On 28 February 1995, a monument was unveiled in Taipei in remembrance of the ``February 28 Incident'' of 1947, when Chiang Kai-shek sent troops from the mainland to suppress public protests by the native Taiwanese against the corruption and repression of the occupying Kuomintang regime, which took control of the island following the end of World War II. The troops murdered between 18,000 and 28,000 people, many of them scholars, lawyers, doctors, students and local leaders, and imprisoned many more in the ``White Terror'' campaign which took place in the following decade.
Until a few years ago, the events of 1947 were a taboo subject on the island. The Kuomintang authorities did not want to be reminded of their dark past, and the people did not dare to speak out for fear of retribution by the KMT's secret police.
However, in 1987 the democratic opposition of the DPP and the courageous Presbyterian Church started to push the Kuomintang authorities to stop covering up the facts, and to come to a full airing of the matter. It wasn't until 1990 that the Kuomintang finally decided -- albeit reluctantly -- to open the records. In 1992 President Lee asked for reconciliation and decided that a monument would be built in Taipei (other memorials had been built earlier by DPP County Magistrates, the main ones in Chiayi and Pingtung).
Another reason to commemorate February 28th is to remind the Kuomintang authorities that the Lin family murder remains unsolved: on this day in 1980 the mother and twin-daughters of Mr. Lin Yi-hsiung were murdered in their home in Taipei in broad daylight. Mr. Lin is a prominent opposition leader, who was imprisoned at the time for his involvement in Formosa Magazine, a publication which was pushing for democracy and human rights on the island. Until now the Kuomintang authorities have failed to resolve the murder, although there were clear indications of involvement of the KMT's secret police.
The February 28 Monument which was unveiled in Taipei was designed by Mr. Cheng Tze-tsai, a former political prisoner.
During the ceremonies on February 28, President Lee Teng-hui finally made an apology to the families of the victims of the incident. President Lee in his speech acknowledged ``mistakes made by the government'' and expressed his ``most sincere apology.'' He asked for ``forgiveness,'' so that ``we can transform hostility and sadness into harmony and peace.''
He also admonished that ``this memorial serves as a warning to keep us vigilant so that we never make the same mistake again.'' He promised to continue the process of healing by ``opening up historical records, offering compensation to the families of victims, and proclaiming February 28 as a memorial day.'' It was a significant step in the direction of reconciliation between the native Taiwanese majority on the island and those who came over from the mainland after World War II.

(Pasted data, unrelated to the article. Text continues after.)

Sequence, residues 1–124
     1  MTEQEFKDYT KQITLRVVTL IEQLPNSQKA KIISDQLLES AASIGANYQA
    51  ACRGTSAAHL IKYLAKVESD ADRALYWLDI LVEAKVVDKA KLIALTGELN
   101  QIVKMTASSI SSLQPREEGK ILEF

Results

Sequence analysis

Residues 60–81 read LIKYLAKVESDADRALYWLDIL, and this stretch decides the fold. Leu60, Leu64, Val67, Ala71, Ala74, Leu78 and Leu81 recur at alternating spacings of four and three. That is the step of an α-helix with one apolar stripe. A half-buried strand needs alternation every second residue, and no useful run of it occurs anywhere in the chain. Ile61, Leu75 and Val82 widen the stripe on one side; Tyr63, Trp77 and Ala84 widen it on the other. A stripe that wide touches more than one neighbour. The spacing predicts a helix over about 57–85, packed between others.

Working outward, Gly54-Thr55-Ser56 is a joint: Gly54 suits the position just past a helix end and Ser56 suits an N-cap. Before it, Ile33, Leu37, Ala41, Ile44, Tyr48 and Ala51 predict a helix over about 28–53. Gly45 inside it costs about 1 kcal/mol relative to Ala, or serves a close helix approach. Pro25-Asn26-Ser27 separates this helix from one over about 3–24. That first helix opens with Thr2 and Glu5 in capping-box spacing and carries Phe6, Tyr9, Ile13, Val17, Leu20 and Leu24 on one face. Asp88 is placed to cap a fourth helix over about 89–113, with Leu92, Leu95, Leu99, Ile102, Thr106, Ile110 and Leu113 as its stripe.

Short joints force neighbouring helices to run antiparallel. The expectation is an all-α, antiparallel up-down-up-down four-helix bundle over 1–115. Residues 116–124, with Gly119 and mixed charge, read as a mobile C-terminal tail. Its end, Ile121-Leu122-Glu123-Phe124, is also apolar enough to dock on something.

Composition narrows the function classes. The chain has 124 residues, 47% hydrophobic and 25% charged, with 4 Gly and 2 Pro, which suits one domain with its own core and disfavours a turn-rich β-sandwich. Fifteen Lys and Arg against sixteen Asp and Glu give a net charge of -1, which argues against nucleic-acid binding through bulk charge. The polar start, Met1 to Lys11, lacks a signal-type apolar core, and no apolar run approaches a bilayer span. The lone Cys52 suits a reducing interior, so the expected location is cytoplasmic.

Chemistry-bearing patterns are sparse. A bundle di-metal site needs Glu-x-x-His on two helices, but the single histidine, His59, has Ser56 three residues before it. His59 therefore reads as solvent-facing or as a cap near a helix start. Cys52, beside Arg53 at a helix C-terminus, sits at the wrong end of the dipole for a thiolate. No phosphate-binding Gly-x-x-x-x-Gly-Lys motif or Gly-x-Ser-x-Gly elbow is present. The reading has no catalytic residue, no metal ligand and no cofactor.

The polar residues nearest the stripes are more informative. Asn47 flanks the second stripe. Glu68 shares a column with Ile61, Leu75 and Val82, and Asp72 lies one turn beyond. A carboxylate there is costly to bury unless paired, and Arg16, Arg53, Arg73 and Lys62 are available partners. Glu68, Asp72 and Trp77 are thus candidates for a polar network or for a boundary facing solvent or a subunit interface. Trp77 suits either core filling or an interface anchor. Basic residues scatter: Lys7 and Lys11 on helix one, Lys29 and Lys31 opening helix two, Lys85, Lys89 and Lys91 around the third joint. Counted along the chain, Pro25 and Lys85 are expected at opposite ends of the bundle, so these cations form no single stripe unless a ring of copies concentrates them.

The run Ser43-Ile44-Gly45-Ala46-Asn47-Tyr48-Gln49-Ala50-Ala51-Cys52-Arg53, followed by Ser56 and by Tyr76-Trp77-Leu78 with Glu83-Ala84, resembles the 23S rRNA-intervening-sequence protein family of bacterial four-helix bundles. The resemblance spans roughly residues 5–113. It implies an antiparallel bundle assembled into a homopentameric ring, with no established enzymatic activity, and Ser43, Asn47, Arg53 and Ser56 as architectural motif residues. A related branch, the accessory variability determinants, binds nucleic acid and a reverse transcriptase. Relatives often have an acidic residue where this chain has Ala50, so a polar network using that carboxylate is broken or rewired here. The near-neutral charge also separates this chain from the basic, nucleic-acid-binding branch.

However, the event was marred by a controversy over the inscription for the monument: families of the victims found the inscription prepared by the Executive Yuan unacceptable because it tried to whitewash the incident and attempted to rationalize the policies of the KMT on the bloody 1947 crackdown. Thus, the plaque was left blank on the day of dedication.
On 22 March 1995, the Legislative Yuan in Taipei, after a heated debate, approved a proposal to grant compensation of up to NT$ six million (US$ 230,000) to relatives of persons who were killed, injured, or imprisoned in 1947 and subsequent years. The law that was passed also stipulated that February 28 would be declared a ``Peace Memorial Day.''
The democratic opposition of the DPP had pressed for a higher compensation amount, and argued that the compensation should be paid from the Kuomintang bulging party coffers and not by the taxpayers.
The DPP also urged the government to identify those responsible for the massacre and to prosecute those who are still alive. According to historical records the then-Governor Chen Yi was a key figure, and many military men involved in the murders later rose to high positions in the Kuomintang hierarchy. Most of these are now in retirement, some in the United States.
According to a report in the Far Eastern Economic Review (Past Time, 23 March 1995), a former body guard of Governor Chen Yi, Mr. Shu Tao, also implicated Generalissimo Chiang Kai-shek himself: Mr. Shu recently told a press conference in Taipei that he was present when the then Governor received a telegram from Chiang ordering him to suppress any opposition. According to Shu, the message was chillingly concise: ``Kill them all, keep it secret.''
Mr. Shu was then ordered to pass the telegram on to general Ke Yuan-fen, then chief of the Command of State Security, the forerunner of the infamous Taiwan Garrison Command. Mr. Ke is considered one of the people primarily responsible for the atrocities during and after the 1947 Incident. Historians in Taiwan believe the document could be among the personal papers of general Ke, who is living in retirement in Monterey Park in Southern California.
Another person responsible for the tragedy, General Peng Meng-chi, is living in retirement in Taiwan. He conducted a reign of terror in the southern city of Kaohsiung, and was often referred to as the ``Butcher of Kaohsiung.'' Up until now the Kuomintang authorities have failed to charge him for the crimes he committed.
Scholars who want to conduct research about the February 28 incident complain that they do not have direct access to a number of government archives. Although the Executive Yuan's Ad Hoc Committee on 2-28 Incident has so far issued two volumes of findings from the archives, the Department of Defense continues to refuse to make public records in its archives covering the period from 1945 to 1950.
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Last modified 2 June 1996